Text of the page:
But if derby progenitor Dan Policarpo wanted "women with tattoos, Bettie Page haircuts and guts," well, that he definitely got.

(Hat tip to PD!)

Wednesday, December 17, 2008

Nothing But the Truth

The NYT has a review of "Nothing But the Truth," the Kate Beckinsale/Alan Alda/Angela Bassett journalism movie based loosely on the Valerie Plame/Judith Miller situation and partly filmed in Memphis, most notably, perhaps, in the CA's newsroom.

Unfortunately, review Manohla Darvis is disappointed:

"It is evidently impossible to make a movie about two adversarial women without dragging in their families, because without needy children and angry, fed-up husbands — David Schwimmer plays Rachel’s mewling husband, while a barely present Jamey Sheridan plays Erica’s — these two female characters and their desires, successes and rages apparently wouldn’t rate screen time. That’s too bad for all sorts of reasons, including this one: when not cooing inanities at pipsqueaks, the actresses are pretty good, both together and individually. There’s pleasure in watching them go Manolo a Manolo against each other, particularly Ms. Farmiga, who fills out her size 0 with macho swagger. Despite a shaky start, Ms. Beckinsale does eventually look the part of the harassed and haggard heroine, if largely by not wearing any eye makeup."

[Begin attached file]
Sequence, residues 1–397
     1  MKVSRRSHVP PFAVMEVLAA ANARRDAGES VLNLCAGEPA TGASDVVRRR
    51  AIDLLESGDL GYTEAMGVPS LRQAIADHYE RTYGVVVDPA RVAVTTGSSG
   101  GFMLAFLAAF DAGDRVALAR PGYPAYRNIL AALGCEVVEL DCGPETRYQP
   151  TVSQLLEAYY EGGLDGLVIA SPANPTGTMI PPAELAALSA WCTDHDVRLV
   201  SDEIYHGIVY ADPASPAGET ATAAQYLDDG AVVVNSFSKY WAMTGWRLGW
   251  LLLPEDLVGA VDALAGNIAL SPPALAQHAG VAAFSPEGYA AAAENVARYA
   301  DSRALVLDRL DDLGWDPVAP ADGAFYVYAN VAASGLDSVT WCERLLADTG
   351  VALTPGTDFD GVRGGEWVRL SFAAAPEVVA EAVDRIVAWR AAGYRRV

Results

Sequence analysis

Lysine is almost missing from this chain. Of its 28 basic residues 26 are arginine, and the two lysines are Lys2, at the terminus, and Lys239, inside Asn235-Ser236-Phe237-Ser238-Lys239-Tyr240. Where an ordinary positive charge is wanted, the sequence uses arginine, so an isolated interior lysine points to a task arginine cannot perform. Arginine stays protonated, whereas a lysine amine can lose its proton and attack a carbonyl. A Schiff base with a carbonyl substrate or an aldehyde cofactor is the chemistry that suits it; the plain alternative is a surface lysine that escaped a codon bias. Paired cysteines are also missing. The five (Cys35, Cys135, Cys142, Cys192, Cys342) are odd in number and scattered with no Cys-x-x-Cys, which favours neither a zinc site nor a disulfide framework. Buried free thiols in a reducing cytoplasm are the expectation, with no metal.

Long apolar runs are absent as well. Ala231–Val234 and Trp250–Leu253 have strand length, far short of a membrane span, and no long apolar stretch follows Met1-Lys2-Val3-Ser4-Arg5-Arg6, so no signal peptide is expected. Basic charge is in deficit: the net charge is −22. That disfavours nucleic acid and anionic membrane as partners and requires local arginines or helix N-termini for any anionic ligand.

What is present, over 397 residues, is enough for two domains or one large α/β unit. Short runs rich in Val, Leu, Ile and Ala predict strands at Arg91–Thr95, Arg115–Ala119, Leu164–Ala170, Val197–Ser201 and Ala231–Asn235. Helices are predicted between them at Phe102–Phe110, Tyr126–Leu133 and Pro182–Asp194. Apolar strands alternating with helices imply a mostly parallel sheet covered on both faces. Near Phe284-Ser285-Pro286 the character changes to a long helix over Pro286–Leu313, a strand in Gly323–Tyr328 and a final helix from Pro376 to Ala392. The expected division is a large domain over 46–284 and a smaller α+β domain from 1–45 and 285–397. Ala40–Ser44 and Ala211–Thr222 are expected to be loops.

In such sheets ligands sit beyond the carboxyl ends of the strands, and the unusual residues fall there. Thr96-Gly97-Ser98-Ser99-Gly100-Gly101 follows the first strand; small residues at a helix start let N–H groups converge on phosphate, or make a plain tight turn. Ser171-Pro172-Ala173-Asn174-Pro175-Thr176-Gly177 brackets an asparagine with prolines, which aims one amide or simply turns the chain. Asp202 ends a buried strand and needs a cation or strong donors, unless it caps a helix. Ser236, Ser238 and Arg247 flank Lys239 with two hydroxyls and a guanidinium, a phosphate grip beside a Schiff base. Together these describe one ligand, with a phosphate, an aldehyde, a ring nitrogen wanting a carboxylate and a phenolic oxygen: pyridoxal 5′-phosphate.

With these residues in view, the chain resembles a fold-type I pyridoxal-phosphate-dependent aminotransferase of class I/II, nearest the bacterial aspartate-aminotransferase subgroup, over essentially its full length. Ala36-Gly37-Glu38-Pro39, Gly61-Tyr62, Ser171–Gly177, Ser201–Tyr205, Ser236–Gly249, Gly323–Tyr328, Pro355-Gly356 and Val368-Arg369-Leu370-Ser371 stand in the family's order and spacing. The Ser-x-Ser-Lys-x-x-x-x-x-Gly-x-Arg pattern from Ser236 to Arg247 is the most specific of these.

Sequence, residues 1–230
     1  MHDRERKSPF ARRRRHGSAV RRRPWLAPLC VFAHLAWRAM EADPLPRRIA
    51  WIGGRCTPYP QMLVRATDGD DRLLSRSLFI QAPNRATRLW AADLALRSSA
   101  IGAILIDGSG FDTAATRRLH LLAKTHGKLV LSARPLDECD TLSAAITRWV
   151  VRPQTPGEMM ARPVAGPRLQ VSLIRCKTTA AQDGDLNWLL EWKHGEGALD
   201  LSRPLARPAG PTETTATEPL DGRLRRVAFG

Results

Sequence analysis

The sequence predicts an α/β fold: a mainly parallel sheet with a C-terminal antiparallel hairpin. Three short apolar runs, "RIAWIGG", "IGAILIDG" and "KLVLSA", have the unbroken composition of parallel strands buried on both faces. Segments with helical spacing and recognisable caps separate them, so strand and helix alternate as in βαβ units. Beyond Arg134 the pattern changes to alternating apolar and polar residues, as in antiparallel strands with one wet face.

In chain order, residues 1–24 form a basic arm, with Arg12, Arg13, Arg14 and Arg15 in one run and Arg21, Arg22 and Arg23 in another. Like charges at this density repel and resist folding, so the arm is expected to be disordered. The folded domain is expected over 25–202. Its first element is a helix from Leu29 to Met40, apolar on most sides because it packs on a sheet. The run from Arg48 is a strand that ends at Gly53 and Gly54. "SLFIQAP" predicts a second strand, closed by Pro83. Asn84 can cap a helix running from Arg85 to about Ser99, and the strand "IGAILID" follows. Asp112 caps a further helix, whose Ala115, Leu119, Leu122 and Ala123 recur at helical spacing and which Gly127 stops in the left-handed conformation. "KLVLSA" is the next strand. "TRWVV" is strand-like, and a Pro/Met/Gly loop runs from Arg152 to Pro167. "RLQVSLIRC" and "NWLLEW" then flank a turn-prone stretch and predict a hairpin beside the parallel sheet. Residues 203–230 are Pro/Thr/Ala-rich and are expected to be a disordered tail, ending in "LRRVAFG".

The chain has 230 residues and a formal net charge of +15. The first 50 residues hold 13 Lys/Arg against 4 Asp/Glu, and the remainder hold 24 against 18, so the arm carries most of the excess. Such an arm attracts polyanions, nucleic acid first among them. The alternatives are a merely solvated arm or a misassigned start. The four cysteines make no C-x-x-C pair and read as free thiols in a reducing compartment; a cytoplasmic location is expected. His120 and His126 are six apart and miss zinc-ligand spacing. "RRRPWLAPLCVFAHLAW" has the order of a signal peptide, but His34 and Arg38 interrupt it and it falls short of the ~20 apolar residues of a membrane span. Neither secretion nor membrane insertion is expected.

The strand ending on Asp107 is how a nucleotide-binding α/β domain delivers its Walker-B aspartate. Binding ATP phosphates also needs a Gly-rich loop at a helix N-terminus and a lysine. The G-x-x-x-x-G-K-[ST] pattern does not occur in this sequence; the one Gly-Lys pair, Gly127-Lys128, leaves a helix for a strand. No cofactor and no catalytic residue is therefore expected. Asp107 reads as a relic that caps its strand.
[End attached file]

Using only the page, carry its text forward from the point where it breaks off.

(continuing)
Does this soccer field look familiar?

I'll probably still see it, if not for the journalism connection then for the inside peek of the CA newsroom.

I think I posted some clips from the movie a few weeks ago on memphisflyer.com, but then again, maybe I didn't. If you're interested in seeing them, click here.

If we can give billions to Detroit ...

... why not fully fund the Green Jobs Act?

I got an email this morning from Van Jones and Green for All, the group that brought the Dream Reborn conference to Memphis in April for the 40 anniversary of Martin Luther King's death. Green for All's mission is to create a green economy strong enough to lift people out of poverty.

"We believe all people deserve access to healthy food and clean energy sources," Jones said at the time. "Environmental solutions are not just for people who can afford to buy a hybrid car or put solar panels on their second home."